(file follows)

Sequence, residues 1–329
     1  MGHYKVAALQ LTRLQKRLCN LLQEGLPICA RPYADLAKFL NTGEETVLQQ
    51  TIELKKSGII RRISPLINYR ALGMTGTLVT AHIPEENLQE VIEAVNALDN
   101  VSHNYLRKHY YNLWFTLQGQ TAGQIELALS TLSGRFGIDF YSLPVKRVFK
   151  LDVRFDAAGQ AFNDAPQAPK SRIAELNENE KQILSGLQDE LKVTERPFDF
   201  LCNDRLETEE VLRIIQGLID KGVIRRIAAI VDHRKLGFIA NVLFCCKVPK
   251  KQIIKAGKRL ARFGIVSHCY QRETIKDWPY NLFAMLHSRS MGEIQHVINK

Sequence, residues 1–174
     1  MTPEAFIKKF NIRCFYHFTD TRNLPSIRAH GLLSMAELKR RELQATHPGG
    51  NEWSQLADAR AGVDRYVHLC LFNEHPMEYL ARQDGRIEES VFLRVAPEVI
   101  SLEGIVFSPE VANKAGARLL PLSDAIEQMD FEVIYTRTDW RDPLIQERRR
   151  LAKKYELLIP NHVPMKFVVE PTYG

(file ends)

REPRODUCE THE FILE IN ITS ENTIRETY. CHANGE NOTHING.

Sequence, residues 1–329
     1  MGHYKVAALQ LTRLQKRLCN LLQEGLPICA RPYADLAKFL NTGEETVLQQ
    51  TIELKKSGII RRISPLINYR ALGMTGTLVT AHIPEENLQE VIEAVNALDN
   101  VSHNYLRKHY YNLWFTLQGQ TAGQIELALS TLSGRFGIDF YSLPVKRVFK
   151  LDVRFDAAGQ AFNDAPQAPK SRIAELNENE KQILSGLQDE LKVTERPFDF
   201  LCNDRLETEE VLRIIQGLID KGVIRRIAAI VDHRKLGFIA NVLFCCKVPK
   251  KQIIKAGKRL ARFGIVSHCY QRETIKDWPY NLFAMLHSRS MGEIQHVINK

Sequence, residues 1–174
     1  MTPEAFIKKF NIRCFYHFTD TRNLPSIRAH GLLSMAELKR RELQATHPGG
    51  NEWSQLADAR AGVDRYVHLC LFNEHPMEYL ARQDGRIEES VFLRVAPEVI
   101  SLEGIVFSPE VANKAGARLL PLSDAIEQMD FEVIYTRTDW RDPLIQERRR
   151  LAKKYELLIP NHVPMKFVVE PTYG